Other than the First Amendment's establishment clause, Jefferson's Danbury Baptist letter is undoubtedly one of the most influential writings on American religious liberty. Containing the famous "wall of separation" phrase, Jefferson's words in this private letter have been...

Hobbes argued that a state of nature (an environment without a government imposing order) would be "the war of all against all" and life in such an environment would be "solitary, poor, nasty, brutish, and short."

The following Notes were written in Virginia in the year 1781, and somewhat corrected and enlarged in the winter of 1782, in answer to Queries proposed to the Author, by a Foreigner of Distinction, then residing among us.

"Secularism is the religion of humanity; it embraces the affairs of this world; it is interested in everything that touches the welfare of a sentient being; it advocates attention to the particular planet in which we happen to live; it means that each individual counts for something; it is a declaration of intellectual independence; it means that the pew is superior to the pulpit, that those...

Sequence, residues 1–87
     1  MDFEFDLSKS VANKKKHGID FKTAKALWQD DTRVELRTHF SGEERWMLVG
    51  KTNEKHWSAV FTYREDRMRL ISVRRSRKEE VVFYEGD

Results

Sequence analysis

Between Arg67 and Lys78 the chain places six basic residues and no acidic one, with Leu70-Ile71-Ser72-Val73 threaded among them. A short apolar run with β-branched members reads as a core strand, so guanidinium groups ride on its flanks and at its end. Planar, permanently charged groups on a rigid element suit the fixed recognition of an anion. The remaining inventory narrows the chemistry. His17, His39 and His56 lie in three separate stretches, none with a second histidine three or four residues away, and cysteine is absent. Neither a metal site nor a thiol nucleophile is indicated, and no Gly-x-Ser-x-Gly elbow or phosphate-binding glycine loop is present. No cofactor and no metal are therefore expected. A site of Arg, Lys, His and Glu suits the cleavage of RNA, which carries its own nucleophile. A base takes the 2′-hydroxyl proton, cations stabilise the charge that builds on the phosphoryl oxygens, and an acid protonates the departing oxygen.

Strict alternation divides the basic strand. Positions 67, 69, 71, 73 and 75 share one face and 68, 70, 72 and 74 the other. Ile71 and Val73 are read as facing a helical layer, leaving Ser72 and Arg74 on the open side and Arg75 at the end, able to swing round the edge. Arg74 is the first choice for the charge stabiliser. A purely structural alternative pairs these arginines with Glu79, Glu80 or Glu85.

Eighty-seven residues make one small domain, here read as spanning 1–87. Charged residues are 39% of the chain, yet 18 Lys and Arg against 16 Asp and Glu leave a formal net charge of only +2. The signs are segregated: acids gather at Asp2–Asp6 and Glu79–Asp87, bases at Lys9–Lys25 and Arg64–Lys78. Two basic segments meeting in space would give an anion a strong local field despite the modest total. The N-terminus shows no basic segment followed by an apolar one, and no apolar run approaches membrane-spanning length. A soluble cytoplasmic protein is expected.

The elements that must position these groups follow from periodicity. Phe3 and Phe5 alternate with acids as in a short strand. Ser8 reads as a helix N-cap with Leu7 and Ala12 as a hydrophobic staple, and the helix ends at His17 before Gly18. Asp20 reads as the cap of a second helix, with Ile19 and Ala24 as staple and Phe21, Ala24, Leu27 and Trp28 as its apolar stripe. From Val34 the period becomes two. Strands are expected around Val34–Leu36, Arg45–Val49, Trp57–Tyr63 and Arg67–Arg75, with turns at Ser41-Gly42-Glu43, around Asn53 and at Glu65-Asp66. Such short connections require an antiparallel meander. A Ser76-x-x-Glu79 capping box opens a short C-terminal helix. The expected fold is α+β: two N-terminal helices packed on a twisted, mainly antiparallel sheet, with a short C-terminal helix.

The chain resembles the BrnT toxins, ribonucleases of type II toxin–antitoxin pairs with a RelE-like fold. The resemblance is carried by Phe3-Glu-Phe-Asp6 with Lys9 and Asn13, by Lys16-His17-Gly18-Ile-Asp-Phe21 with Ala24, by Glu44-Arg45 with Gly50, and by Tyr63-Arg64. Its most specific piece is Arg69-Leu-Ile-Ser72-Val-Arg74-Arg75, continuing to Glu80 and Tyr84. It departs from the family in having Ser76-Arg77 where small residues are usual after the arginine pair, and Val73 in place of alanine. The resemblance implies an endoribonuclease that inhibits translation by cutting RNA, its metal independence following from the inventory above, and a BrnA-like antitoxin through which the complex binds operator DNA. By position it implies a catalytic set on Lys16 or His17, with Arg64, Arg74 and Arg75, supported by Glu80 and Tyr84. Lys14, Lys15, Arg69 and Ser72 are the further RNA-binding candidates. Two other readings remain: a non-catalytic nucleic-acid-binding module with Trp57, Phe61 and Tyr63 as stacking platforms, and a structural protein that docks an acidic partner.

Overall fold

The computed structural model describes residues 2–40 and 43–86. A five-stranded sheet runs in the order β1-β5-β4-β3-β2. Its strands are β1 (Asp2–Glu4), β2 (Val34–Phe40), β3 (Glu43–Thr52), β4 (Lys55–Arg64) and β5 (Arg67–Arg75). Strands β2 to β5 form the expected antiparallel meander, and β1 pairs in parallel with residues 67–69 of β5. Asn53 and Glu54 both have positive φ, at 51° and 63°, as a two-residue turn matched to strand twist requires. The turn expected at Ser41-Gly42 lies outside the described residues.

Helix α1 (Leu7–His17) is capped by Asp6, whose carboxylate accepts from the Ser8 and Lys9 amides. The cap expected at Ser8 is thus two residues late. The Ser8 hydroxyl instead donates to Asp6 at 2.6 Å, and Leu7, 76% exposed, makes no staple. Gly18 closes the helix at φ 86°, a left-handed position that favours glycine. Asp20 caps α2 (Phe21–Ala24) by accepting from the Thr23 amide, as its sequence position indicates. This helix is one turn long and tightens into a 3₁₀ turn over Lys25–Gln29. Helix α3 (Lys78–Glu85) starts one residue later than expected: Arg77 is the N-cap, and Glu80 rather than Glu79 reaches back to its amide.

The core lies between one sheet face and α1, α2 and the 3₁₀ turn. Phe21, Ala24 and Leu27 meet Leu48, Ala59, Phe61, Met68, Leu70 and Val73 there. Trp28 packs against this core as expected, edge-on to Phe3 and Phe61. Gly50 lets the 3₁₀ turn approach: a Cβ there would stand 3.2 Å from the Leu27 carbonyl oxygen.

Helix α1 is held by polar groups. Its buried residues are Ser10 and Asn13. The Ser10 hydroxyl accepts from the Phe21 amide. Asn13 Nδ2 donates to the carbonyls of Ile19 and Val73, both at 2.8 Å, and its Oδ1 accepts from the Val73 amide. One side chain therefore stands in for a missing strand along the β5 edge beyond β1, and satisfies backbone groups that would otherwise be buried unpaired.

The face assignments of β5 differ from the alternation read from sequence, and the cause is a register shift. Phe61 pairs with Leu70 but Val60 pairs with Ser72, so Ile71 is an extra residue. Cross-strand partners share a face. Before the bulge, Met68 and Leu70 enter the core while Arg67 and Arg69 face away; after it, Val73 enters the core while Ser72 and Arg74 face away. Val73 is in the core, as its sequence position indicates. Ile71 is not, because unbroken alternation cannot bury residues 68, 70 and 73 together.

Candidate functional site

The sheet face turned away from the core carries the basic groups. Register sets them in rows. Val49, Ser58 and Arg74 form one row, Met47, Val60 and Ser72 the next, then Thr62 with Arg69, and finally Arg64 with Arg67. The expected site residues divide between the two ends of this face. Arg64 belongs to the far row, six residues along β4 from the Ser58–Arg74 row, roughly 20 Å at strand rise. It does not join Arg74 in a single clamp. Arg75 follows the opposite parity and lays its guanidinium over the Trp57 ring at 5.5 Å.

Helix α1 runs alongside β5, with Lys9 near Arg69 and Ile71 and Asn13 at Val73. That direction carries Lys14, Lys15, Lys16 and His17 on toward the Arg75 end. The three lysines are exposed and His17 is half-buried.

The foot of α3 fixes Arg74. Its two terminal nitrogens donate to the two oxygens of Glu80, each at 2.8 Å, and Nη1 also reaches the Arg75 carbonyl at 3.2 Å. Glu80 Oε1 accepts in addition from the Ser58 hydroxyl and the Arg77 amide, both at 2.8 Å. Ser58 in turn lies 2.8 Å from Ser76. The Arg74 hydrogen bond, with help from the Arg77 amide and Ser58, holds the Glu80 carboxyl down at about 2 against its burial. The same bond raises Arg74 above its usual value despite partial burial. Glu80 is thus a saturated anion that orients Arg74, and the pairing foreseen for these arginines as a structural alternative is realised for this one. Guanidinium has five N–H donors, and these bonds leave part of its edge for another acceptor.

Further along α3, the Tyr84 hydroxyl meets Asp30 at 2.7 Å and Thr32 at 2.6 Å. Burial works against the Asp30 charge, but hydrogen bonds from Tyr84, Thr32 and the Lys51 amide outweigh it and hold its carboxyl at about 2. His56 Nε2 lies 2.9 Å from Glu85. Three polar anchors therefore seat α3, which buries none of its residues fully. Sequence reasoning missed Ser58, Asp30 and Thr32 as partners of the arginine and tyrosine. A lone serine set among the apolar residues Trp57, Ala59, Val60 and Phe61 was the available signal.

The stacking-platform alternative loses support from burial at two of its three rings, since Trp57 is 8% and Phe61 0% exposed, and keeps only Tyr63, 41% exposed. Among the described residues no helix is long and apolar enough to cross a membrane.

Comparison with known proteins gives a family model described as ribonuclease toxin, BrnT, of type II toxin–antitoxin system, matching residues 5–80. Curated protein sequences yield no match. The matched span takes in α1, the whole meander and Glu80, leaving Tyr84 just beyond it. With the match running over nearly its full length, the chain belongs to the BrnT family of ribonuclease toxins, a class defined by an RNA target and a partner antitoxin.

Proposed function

"The Gay Science is a remarkable book, both in itself and as offering a way into some of Nietzsche's most important ideas. The history of its publication is rather complex, and it throws some light on the development of his thought and of his methods as a writer. He published the first edition of it in 1882. …

The Gay Science is a prime example of what is often called...

"In this new Edition I find little to alter and less to add. In a passage on page 27, the distinction between Secular instruction and Secularism is explained, in these words:—'Secular education is by some confounded with Secularism, whereas the distinction between them is very wide. Secular education simply means imparting Secular knowledge separately—by itself, without admixture of Theology...